Programmes featuring the immortal Count Homogenized are among the most-requested by visitors to NZ On Screen. Homogenized - a vampire with a white afro and cape and a lust for milk - made his debut in this children's show, ultimately going on to star in his own series. In this early episode the Count turns up at Major Toom's haunted house on his unending search for bovine liquid sustenance, and befriends Toom over some wine. Shark in the Park actor Russell Smith's mischievous Count has lodged itself in the hearts of many Kiwis of a certain vintage.
Long before he became the stuff of nostalgia and t-shirts, Count Homogenized debuted on this pilot episode of A Haunting We Will Go. Made in 1977 but unscreened till 1979, this pilot follows Major Tooms and his long-suffering butler as they take the audience on an extended tour of their haunted house. In the second half, scene-stealing Homogenized (Russell Smith) appears, a vampire whose raison d'etre - an endless quest for milk - proves as ridiculous as it is delightful.
Filmmaking team Jason Stutter and Kevin Stevens plunge back into the paranormal with this feature, which sees three investigators arriving at a rundown farmhouse, to discover just how haunted it really is. The ghost hunters are played by screen veteran Jeffrey Thomas (Mercy Peak), Jed Brophy (The Hobbit) and Laura Petersen (Shopping). The Dead Room’s Halloween release saw a perfect storm of publicity, from a contest involving a special app which allowed contestants to photograph ghosts, to a video blogger who claimed to have tracked down the house where the movie was filmed.
After taking over the retirement home formerly run by her late mother, a young woman (Jackie Kerin) starts to worry that a pattern of unexplained deaths and strange visitations is repeating itself. Tony Williams’ cult feature began development as a black comedy about murderous Kiwi caterers, before morphing into this moody gothic mystery — the first horror film directed and written by Kiwis (though it was ultimately shot and set in Australia). Years after winning best film at fantasy festivals in Sitges (Spain) and Paris, fanboy Quentin Tarantino praised it as “mesmerising”.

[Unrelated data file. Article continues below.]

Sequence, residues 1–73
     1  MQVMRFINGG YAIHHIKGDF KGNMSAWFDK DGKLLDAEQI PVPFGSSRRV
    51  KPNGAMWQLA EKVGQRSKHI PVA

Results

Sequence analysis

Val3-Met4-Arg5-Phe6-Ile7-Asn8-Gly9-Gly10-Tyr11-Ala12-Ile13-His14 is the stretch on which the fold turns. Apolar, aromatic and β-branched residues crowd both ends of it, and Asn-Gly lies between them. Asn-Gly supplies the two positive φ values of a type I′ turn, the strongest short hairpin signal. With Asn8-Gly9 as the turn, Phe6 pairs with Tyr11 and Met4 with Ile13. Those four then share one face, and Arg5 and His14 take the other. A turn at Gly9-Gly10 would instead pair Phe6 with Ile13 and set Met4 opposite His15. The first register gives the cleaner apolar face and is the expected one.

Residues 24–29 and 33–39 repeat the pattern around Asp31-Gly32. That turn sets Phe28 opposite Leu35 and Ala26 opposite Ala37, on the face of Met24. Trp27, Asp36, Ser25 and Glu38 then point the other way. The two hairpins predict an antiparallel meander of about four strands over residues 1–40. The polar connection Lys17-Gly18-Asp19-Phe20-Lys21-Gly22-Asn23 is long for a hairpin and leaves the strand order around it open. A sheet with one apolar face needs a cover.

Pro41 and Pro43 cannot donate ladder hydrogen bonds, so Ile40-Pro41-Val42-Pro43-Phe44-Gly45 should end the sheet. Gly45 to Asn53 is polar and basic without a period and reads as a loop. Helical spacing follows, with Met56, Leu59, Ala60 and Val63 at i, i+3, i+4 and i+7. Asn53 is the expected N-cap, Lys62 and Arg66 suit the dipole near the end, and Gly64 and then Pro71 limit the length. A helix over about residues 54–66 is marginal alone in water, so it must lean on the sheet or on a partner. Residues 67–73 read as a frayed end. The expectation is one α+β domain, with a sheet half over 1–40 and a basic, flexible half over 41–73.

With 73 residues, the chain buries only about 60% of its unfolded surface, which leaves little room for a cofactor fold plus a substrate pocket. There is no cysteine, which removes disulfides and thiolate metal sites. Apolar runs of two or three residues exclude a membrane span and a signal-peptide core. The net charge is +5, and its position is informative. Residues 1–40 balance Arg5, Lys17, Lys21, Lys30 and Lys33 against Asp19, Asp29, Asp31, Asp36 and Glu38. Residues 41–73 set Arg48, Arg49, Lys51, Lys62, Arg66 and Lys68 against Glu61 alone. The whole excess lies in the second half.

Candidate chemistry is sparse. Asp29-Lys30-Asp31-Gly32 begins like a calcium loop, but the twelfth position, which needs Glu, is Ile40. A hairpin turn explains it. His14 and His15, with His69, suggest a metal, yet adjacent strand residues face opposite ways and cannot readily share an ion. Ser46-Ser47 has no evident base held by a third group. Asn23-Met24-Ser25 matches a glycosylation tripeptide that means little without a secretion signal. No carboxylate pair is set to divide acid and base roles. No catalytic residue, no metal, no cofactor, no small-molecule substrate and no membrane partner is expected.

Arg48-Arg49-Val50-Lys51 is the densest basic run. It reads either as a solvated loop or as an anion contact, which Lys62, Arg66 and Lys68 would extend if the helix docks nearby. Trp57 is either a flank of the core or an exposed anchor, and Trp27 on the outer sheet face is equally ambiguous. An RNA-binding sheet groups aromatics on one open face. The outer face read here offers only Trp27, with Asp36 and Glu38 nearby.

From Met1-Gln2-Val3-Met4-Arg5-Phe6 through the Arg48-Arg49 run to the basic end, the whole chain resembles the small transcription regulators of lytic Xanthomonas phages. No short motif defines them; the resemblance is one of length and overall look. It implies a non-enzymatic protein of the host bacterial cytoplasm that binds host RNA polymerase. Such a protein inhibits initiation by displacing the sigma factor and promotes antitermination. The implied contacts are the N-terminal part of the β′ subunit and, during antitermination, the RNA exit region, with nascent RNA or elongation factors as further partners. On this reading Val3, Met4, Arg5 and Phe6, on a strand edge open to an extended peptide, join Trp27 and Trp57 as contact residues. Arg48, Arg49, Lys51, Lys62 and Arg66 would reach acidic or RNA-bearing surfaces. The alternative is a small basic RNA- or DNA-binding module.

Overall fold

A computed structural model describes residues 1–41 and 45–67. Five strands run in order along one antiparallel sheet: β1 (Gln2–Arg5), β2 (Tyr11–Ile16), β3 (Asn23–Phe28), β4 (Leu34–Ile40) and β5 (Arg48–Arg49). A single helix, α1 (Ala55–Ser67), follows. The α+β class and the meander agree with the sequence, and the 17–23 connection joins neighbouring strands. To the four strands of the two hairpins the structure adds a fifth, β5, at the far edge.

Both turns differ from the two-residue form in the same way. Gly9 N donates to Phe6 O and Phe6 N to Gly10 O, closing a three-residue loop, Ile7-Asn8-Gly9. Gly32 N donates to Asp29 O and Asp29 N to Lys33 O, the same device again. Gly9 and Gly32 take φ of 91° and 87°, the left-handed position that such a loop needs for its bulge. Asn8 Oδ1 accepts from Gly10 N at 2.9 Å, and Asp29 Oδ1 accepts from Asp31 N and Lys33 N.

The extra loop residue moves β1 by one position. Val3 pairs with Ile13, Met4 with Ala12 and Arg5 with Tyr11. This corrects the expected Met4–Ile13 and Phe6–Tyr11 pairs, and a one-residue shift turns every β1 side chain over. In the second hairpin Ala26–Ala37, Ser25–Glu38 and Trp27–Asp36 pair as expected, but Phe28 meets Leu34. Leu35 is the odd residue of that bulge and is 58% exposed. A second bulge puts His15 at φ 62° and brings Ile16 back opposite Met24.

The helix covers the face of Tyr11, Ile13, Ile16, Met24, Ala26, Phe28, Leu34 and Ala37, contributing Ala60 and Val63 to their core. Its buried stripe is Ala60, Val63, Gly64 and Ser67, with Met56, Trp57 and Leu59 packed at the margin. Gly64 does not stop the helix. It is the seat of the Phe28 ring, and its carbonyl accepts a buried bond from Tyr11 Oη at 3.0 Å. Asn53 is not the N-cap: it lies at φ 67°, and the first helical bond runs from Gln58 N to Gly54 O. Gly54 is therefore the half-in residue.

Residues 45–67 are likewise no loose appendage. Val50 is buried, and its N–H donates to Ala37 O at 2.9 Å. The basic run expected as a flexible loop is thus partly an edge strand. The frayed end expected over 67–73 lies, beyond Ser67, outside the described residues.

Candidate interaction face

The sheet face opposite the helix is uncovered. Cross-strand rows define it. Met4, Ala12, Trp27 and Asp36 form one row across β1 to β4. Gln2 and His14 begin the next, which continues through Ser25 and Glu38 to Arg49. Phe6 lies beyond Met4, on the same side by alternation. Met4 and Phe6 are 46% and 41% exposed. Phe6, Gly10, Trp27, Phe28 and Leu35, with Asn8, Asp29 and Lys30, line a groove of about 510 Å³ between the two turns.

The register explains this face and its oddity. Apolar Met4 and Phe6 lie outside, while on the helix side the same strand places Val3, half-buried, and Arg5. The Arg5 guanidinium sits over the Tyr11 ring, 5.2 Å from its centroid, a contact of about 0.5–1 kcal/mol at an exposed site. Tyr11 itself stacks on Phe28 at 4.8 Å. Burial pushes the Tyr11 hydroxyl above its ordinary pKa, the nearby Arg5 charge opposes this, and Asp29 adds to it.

Long fascinated by the idea of community, Florian Habicht (Love Story, Kaikohe Demolition) discovered one in an unexpected place while making his eighth feature. Spookers is the name of a live horror attraction south of Auckland, adjoining what was once Kingseat psychiatric hospital. Habicht got to know a number of the performers working there. Alongside engaging and sometimes emotional interviews — and scenes of the staff at work, scaring the punters silly with zombie brides and chainsaws — he created scenes inspired by the performers' dreams and nightmares.
In this award-winning short film Michael is a 17-year-old who gets the abattoir blues during his first day at 'the works'. Fitting in turns out to be the least of Michael’s worries as young blood is welcomed on the line in the old fashioned way, and rite of passage is interpreted literally to meaty effect. Meathead was filmed at the Wallace Meat plant in Waitoa. Based on the true story of a mate of his, director Sam Holst’s debut short was selected for Cannes and won the Crystal Bear in the Generation (14plus) section of the 2012 Berlin Film Festival.
Wellington Paranormal was dubbed 'Police Ten 7 meets The X-Files' . These excerpts from episodes three and five of the first season demonstrate the show's mix of deadpan commentary with (sometimes) mysterious subject matter. Officers O'Leary (played by Karen O'Leary) and Minogue (Mike Minogue) deal with two call outs. A report of a pale, translucent figure floating 'airily' around a Lower Hutt car park is the definition of an 'open and shut 'case, but a stake out in a supposedly haunted house isn't so straightforward. Officer Minogue's enthusiasm for tasers comes a cropper too.
Mental health care is profiled in this 1992 episode of First Hand. Wayne Hussey is a member of the South Auckland Community Treatment Team, who is followed over the course of a day seeing his patients. They vary from a young woman struggling with bipolar disorder, to a woman living with schizophrenia, and a man who has adapted to independent life in the community. Kingseat Psychiatric Hospital becomes the voluntary home of one patient. The hospital was closed in 1999, and parts of the complex were controversially used for haunted house attraction Spookers.
Screen taonga Ramai Hayward has lived many lives, and this Koha special touches on most of them. Still vibrant at age 73, Hayward climbs a favoured apricot tree from her Wairarapa childhood, kickstarting a journey through old haunts and celluloid: the school where she produced a play at 12, the photo studio she commanded during WW2, and the sprawling Mt Eden house that was filmmaking HQ for her and husband Rudall Hayward. Ramai also recalls pioneering films shot in China, an encounter with Chairman Mao, and bullying tactics by the CIA.
Bob Stenhouse worked largely alone to visualise this luminously-animated ode to the "nation of drunkards" (as New Zealand was tagged in the House of Lords in 1838). A shepherd tricks a Mackenzie barman out of a bottle of ‘Hokonui Lightning', but too much pioneer spirit sees him haunted by the devil's daughter. In 1986 Frog was nominated for an Oscar for Best Animated Short; later an animation festival in Annecy, France judged it one of the best animated films made that century. A short 'making of' clip at the end offers hints of the hard work behind the film's distinctive look.